About 57 percent of the country's population transacted with the government in 2004, an increase from 49 percent the year before, according to a new survey released today by the Infocomm Development Authority of Singapore (IDA) at a press conference.
Conducted by ACNielsen Research Singapore, the survey polled 1,204 respondents across the island-state. It is the third in a series of studies, conducted annually, by the country's IT regulator to understand the citizens' perception of the government's e-services.
Singaporeans can access a range of government information and services including income tax filing, checking of Central Provident Fund (CPF) accounts, payment of road taxes and fines, and applying for a dog license. CPF is a nationwide social security savings program for Singaporeans.
The three most popular services accessed online in 2004 were income tax filing, checking of CPF account statements, and topping up and cashing in of Economic Restructuring Shares (ERS), the study found. The distribution of ERS was introduced in 2003 by the government to help its citizens cope with economic changes.
Wu Choy Peng, IDA's deputy CEO and government CIO, said the online user experience will continue to improve as the government gathers public feedback and resolves hiccups along the way.
Wu said hitches like the one experienced in April this year by the Inland Revenue Authority of Singapore (IRAS) will decrease over time, and are unlikely to deter users from accessing government services online. The IRAS received complaints from the public when several users faced problems while attempting to file their taxes online via the IRAS Web site. The glitch was attributed to a sudden peak in network traffic as tax payers rushed to submit their forms just before the April 15 deadline.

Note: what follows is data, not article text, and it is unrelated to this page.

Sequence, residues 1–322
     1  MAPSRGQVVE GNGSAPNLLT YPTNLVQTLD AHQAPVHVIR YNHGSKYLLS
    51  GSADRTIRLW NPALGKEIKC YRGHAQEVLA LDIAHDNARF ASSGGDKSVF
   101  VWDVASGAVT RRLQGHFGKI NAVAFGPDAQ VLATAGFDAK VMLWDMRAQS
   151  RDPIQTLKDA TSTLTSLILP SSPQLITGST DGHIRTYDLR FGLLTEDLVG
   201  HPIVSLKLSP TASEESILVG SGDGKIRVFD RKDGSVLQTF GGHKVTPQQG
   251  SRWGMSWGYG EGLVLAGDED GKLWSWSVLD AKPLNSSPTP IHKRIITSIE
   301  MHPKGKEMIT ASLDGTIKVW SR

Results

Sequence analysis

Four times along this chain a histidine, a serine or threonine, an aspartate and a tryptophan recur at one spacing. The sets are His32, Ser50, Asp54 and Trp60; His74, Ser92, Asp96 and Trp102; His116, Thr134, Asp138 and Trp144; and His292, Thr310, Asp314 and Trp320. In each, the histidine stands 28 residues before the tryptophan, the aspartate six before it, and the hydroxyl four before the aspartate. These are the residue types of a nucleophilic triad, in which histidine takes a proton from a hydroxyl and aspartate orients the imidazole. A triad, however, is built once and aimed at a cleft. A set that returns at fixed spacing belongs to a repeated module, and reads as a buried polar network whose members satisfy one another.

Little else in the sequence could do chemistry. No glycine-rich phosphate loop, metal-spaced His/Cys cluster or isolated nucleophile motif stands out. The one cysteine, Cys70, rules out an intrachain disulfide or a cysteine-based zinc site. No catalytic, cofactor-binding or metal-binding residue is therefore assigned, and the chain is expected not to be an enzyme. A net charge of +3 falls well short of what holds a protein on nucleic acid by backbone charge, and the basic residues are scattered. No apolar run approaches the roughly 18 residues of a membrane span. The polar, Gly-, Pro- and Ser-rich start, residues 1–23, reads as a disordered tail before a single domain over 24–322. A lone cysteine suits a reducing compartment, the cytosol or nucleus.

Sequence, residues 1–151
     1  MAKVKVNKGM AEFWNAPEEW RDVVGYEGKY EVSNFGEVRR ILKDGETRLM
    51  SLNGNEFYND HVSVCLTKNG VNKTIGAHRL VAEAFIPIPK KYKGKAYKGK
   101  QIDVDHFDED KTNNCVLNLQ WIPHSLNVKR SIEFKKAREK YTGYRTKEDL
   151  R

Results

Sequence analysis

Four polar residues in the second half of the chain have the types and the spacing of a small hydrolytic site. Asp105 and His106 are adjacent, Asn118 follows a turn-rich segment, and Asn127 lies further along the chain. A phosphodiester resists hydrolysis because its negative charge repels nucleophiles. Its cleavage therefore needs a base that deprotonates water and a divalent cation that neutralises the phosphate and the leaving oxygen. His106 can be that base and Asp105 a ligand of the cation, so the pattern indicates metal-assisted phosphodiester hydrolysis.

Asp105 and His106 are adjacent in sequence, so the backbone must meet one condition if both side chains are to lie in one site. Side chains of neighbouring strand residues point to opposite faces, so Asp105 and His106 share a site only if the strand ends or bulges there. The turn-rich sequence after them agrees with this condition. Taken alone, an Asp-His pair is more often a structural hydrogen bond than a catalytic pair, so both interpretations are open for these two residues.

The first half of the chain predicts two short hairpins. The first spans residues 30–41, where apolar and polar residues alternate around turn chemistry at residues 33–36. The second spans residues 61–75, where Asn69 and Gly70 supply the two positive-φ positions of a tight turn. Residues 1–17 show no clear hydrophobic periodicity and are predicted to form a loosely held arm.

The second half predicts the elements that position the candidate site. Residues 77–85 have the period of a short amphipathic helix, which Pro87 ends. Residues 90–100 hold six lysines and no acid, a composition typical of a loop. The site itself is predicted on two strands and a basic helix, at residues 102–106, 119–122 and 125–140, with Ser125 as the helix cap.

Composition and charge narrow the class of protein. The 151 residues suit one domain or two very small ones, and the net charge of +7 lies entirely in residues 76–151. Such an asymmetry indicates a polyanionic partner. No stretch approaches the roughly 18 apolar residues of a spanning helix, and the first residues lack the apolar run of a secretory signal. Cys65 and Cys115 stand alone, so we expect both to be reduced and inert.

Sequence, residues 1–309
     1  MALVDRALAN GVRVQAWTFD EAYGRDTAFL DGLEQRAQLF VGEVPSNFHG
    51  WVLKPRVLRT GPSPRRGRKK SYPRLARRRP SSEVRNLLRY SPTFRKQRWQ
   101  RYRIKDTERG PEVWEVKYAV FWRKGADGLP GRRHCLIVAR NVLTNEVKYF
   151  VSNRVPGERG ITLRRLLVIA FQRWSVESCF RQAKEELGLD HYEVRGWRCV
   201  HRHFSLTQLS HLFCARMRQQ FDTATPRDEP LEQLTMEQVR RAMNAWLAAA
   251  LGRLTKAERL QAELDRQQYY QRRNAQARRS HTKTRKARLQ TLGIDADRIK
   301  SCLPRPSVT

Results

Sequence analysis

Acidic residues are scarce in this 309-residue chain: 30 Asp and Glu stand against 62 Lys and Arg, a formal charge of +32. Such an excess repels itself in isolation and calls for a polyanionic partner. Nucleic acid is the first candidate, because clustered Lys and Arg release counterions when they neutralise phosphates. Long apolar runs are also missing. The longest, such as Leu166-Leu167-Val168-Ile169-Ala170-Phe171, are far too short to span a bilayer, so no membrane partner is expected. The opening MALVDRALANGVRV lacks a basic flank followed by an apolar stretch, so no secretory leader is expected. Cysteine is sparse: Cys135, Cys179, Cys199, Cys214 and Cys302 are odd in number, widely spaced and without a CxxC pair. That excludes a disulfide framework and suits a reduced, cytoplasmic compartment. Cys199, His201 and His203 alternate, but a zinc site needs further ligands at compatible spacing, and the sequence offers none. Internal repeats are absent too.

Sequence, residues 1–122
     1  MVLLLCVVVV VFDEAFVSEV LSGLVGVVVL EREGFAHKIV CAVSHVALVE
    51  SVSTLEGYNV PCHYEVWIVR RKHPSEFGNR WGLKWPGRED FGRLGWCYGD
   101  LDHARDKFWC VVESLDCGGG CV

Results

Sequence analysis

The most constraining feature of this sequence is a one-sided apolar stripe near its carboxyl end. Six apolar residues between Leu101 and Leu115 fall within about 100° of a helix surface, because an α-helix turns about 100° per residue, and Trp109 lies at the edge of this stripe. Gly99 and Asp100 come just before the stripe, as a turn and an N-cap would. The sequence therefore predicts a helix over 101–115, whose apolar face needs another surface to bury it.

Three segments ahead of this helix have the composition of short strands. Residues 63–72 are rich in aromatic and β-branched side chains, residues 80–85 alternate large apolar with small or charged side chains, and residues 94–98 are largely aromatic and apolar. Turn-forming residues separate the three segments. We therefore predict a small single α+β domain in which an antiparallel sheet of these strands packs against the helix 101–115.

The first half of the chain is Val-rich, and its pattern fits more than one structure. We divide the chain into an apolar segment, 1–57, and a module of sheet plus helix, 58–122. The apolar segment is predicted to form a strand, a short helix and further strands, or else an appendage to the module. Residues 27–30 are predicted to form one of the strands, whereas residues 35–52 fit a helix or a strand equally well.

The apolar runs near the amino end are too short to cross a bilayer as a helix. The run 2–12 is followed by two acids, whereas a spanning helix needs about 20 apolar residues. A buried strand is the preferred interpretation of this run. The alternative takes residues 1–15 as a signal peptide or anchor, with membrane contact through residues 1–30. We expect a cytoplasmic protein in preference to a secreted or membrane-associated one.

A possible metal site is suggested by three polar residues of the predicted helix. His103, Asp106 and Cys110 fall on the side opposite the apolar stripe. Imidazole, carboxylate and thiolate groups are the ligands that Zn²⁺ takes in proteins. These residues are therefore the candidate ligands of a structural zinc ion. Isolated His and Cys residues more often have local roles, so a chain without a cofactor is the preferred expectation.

She added that the inability to anticipate user behavior, such as the last-minute rush to file the tax forms, and changes made to the tax form which resulted in a longer time spent online, could have been contributing factors to the April glitch.
However, she assured that the government has learnt from this experience, and will apply this knowledge to better pre-empt user behavior before launching new online services.
Wu added that such hiccups can be mitigated in future with better infrastructure designs and public education. These can then be established as standard operation procedures (SOP) and then shared across all government agencies, a process that is already practised, she said.
She added that Internet banking and payment continue to grow, despite people's reservations over security risks. Ultimately, she said, people go online because of the convenience and the value of the online services.
Although people may initially "back off" from using the service online, "they will come back", she said.
The IDA study found that of the 57 percent that transacted with the government, 88 percent had done so electronically at least once last year, said Tan Kar Joo, IDA's director of electronic services division, government chief information office. Tan added that these individuals are typically white-collar workers aged between 30 and 39.
One such user is Koh Boon Long, 35, a product manager with a Singapore-based IT company. He has accessed government services online to file his income tax, submit forms, check the balance in his CPF account and apply for a new passport.
"It's more convenient, and the turnaround time is shorter now that you can apply for a new passport online" he said. "I used to spend many hours in immigration settling issues related to my Permanent Residence here."
Establishing SOPs, he said, will improve the user experience and attract more users online.